“I can’t tell you how sick I feel,” said attorney David Bailey.
Bailey represents Highland County citizens who sued the county over its decision to grant a conditional use permit for an industrial wind energy utility. He lost his case at the state Supreme Court level this week.
Highland County supervisors’ decision to grant a permit to Highland New Wind Development for Virginia’s first industrial wind utility was upheld by court on points of law that had nothing to do with the merits of the power project.
The court ruled that citizens suing the county should have named the Highland County Board of Supervisors as party to the case, instead of just “Highland County.”
In the second suit, where nearby landowners sued the county planning commission on the process of reviewing the project application against the comprehensive land use plan, the court ruled those citizens had no standing to bring the suit.
The court’s written opinion did not address any issue related to whether the wind utility application was properly assessed by supervisors.
Spokesman for the developer Frank Maisano issued a statement to media Friday. “”This is an important victory for Virginia’s first renewable wind project in Highland County,” he said.
“It is made even more important by Gov. Kaine’s announcement this week outlining his aggressive clean energy goals for the commonwealth. Virginia must have renewable power from wind and Highland County will be where the road to a cleaner, renewable energy future in Virginia begins. This decision clearly rejects the notion that you can oppose these clean energy projects just because you don’t like them. It reaffirms what we suspected all along – that Highland County and its supervisors worked very hard to make sure they made an informed decision that dotted the ‘I’s’ and crossed the ‘T’s.’ After doing the extensive homework, as well as sitting through countless hours of divisive public hearings, it surely is a relief that they acted properly all long. It is just too bad they were forced to spend much-needed county resources on the project opponents’ frivolous lawsuit. It certainly proves the old adage that no good deed goes unpunished.”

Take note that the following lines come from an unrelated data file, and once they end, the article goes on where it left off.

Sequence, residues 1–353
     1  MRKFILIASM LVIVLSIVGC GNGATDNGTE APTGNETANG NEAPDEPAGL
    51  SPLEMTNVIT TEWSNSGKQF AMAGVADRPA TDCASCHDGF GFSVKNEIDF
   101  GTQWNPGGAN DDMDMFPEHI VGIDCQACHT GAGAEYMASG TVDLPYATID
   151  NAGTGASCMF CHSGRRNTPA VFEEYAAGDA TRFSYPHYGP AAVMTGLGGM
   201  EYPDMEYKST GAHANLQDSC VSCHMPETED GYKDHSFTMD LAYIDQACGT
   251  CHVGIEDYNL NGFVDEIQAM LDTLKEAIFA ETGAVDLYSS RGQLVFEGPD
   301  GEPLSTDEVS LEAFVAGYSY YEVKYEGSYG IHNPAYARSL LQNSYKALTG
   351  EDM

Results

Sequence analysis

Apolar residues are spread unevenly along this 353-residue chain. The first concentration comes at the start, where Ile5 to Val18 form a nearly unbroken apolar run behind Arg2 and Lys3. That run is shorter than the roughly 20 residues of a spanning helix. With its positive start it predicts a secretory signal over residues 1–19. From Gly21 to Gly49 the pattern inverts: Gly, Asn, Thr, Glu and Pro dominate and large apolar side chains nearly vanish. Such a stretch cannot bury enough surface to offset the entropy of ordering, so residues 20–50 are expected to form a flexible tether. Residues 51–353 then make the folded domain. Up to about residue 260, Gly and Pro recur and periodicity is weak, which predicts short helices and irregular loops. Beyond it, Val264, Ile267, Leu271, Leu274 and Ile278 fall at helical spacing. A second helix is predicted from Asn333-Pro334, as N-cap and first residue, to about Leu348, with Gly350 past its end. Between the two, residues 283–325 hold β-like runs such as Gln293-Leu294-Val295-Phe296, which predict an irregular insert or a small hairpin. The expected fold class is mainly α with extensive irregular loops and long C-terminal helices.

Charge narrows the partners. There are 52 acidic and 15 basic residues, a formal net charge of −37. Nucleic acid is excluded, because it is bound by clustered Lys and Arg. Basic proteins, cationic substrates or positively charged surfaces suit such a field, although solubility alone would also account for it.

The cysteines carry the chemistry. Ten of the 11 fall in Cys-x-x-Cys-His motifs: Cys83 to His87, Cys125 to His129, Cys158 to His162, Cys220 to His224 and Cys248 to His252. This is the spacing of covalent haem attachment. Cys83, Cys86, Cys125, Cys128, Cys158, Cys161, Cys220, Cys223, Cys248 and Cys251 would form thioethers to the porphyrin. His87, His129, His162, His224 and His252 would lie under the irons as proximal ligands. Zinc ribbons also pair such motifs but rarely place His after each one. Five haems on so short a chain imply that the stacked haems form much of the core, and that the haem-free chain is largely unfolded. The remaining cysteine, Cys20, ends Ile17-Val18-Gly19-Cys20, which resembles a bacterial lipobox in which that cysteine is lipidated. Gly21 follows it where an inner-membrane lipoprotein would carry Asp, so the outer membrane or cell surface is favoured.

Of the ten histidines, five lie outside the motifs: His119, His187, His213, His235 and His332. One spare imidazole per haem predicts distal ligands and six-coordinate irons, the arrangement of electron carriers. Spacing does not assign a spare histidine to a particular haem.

The points of law the court on which the court ruled were the only matters the justices discussed, and both meant a defeat for those who challenged the way local officials handled the conditional use permit application.
“I try not to get personal, but this hit me hard,” Bailey said Friday. He hadn’t seen the court’s opinion until late Friday afternoon. “It really hurts to have things thrown out on technicalities,” he said.
Bailey had become a well-known presence in Highland for those strongly opposed to the 39-megawatt power plant proposed by Henry T. “Mac” McBride and his family on the westernmost edge of the county.
“Most people know that although these cases were brought against the wind project, the were never really about the turbines. They were about the process of rezoning land. The Supreme Court has now given localities even more leeway … now we know no one can really challenge a planning commission,” Bailey said. “Both are pretty difficult to swallow.”
He said on the first issue, properly naming the board of supervisors to the suit is something every attorney will now know has to be done. “But you can’t fix the planning commission situation,” he said. “The court has now made the (planning) process even more perfunctory, and it will be up to the General Assembly to change that.”
There’s been a huge movement in the General Assembly the last few years in land use, Bailey added. “Local governments have to take full responsibility for their planning,” he said, noting county and city officials are clearly the “most important guardians of the process.”
Comprehensive plans, required for each locality in Virginia to guide land use development, are “just a nudge above worthless … they’re worth the paper they’re printed on and not much else,” he said. “For citizens, it’s really hard to participate. These (land use) decisions are left pretty much to individuals on a board of supervisors.”
Bailey said even if the court had not ruled in the county’s favor on naming the proper party to the suit, it’s not likely he would have won on the planning commission suit. The court left standing that special conditions for utilities (the so called 2232 reviews) can be done later, after permits are approved.
Bailey said the court’s decision surprised him because the court agreed to hear the appeal so quickly. “Then, to have it dismissed on procedural issues (surprised him also),” he said.
The message Supreme Court is sending, Bailey said, is that “your remedy is at the ballot box,” adding the court will likely continue to interpret statues very narrowly unless things are changed by the General Assembly.
At this point, those opposed to the project will await a decision from the State Corporation Commission on whether to grant Highland New Wind Development a state permit to build and operate its utility. Those involved in the SCC case will have an opportunity to appeal the agency’s decision at the Supreme Court level, but Bailey said if the SCC puts substantial conditions on the permit, an appeal might not be likely.
“After we all get through crying in our beers, I hope (Highland citizens) won’t be so depressed not to unseat the board of supervisors. You need a new set on the board, because who knows what’s coming next,” Bailey said.
By Anne Adams
13 September 2007
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